When I was my daughter’s age, the help wanted ads were segregated by sex. They aren’t now. When I was my daughter’s age, it was common for colleges (especially at the graduate level) to deny qualified women admittance. Now, I say that, mentioning that it was within my lifetime, and the youngsters still gape like it’s ancient history. I’m 37. I saw things get better, but we’re not there yet. My journey through school consisted of far more than my share of teachers who had low expectations for women. And I was barred from taking Industrial Ed (in the early eighties).

    I’m lucky. I work under a union contract that insures I get paid the same as the men. Most women I know are not that lucky. They are paid less, even though they have a superior education and much more experience. These are not women who “took time off” from their careers, as the anit-feminists are quick to accuse. Rare is the woman who can afford that luxury. The woman who used to live next door to me is a college professor in business administration. A PhD. with over twenty years teaching experience and scads of publications, she was angry when the college where she taught offered some young man with a Master’s, no previous teaching experience, and no publication at that time thousands of dollars more starting pay than what she, the veteran, was receiving! Could she have sued? Yeah, she had many times before when they pulled similar crap, and always won. This time she had heard of a position at a different school, so she pulled the plug. Shit like this happens all the time. It would happen even more often, if there was transparency in the paycheck department. Why do you think (nonunion) employers don’t want employees to know how much their compatriots are being paid?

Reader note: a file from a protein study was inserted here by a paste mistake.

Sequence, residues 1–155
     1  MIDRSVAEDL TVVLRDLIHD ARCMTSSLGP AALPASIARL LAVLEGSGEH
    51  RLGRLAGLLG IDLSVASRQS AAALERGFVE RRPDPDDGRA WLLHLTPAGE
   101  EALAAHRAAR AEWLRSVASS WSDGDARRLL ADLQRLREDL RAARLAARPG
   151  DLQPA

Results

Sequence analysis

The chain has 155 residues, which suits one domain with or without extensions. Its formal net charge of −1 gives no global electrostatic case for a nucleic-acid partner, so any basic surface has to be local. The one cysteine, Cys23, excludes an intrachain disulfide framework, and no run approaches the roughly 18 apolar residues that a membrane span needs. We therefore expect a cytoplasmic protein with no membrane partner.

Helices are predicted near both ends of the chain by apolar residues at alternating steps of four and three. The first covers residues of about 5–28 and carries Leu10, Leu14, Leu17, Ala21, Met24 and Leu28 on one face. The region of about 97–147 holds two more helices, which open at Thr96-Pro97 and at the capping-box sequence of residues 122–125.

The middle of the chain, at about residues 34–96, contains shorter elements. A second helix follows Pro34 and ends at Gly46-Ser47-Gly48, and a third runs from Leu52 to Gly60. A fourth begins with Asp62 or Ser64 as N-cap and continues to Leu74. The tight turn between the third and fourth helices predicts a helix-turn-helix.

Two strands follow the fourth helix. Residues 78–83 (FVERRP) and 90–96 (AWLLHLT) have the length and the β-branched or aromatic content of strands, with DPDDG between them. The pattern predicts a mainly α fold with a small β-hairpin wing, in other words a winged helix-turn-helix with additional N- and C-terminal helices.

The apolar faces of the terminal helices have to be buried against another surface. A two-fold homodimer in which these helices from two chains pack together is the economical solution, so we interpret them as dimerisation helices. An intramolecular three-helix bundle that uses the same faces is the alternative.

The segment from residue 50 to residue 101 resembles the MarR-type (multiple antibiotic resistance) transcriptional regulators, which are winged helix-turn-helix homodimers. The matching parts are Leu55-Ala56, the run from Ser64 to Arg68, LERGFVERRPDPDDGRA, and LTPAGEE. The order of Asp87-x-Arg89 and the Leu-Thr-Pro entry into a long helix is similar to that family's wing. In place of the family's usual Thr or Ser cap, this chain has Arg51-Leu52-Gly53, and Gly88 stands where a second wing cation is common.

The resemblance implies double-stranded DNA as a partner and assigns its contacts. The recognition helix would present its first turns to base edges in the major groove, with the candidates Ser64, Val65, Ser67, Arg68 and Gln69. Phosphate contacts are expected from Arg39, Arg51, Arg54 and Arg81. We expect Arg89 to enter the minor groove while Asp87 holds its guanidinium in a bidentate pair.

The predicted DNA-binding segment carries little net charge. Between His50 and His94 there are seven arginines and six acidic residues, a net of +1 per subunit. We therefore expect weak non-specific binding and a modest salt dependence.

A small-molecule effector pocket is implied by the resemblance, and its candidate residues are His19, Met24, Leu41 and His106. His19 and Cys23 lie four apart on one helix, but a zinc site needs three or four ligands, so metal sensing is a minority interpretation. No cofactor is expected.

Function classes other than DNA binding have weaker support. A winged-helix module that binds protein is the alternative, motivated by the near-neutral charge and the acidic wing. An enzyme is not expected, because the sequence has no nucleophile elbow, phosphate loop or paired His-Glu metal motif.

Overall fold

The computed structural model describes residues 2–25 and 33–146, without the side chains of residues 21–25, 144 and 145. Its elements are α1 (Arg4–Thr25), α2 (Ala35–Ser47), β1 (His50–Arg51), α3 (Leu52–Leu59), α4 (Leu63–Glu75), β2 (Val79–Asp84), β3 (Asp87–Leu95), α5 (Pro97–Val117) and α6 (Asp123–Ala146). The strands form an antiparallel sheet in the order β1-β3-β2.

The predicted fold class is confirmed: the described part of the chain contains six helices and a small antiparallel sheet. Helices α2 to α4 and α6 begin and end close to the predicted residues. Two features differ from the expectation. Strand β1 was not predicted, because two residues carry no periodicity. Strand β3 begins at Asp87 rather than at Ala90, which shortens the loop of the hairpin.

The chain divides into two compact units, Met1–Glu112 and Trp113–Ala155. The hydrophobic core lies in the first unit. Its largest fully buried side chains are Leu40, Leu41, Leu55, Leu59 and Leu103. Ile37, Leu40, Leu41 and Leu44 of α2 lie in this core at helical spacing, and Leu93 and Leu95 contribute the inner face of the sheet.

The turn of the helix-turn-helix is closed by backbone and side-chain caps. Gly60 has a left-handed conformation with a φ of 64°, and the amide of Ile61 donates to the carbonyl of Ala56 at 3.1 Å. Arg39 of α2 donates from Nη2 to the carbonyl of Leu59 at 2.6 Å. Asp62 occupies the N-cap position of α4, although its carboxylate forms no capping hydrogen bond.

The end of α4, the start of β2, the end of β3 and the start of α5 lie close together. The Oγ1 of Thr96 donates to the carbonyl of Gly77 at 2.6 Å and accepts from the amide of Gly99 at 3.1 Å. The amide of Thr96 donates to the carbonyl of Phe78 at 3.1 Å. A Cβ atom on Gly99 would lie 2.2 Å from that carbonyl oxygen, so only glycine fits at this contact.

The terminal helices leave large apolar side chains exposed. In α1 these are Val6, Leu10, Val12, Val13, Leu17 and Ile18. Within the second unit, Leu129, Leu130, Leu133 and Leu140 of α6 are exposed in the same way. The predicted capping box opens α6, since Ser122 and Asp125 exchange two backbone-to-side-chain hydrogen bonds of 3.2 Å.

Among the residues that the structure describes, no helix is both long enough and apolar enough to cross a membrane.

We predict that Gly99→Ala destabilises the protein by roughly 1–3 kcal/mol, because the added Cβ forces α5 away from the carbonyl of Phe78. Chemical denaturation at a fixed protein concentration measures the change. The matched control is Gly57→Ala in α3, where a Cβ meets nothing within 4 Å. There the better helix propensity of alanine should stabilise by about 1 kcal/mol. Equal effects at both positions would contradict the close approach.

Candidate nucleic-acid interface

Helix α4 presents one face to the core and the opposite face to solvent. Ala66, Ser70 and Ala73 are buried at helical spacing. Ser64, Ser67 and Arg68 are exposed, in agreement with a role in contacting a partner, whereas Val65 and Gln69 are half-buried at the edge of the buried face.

Gender feminists, my culiddu. Laws by themselves have yet to rid the world of racism, and they have yet to rid the world of sexism too. It goes deeper. There’s still plenty of consciousness raising to do. Prejudice and bigotry are not logical. I used to think that if I worked harder, faster, smarter….I could “prove” myself to bigots and thus be accepted. Nope, didn’t work out that way.

  7. 7
    NancyP says:

    I think the Sommers “gender vs equity” feminist trope is her way of saying “the only good feminist is a dead feminist”.

    Remember, she gets big bucks from the Scaifes, Olins, and other conservative funders for doing all she can to weaken uppity women who might try to bring class action suits against their employers. She is no supporter of the Wal-Mart women employees bringing the suit, she works for the owners of big business, who benefit from cheap labor of women.

  8. 8
    Mikko says:

    The problem with all discussion about feminism is that the term is rather vaguely defined.

    For example, person A can understand feminism as a pro-female movement, whereas person B can understand feminism as a anti-male movement.

    And thus, discussion becomes pointless as people speak about drastically different subjects!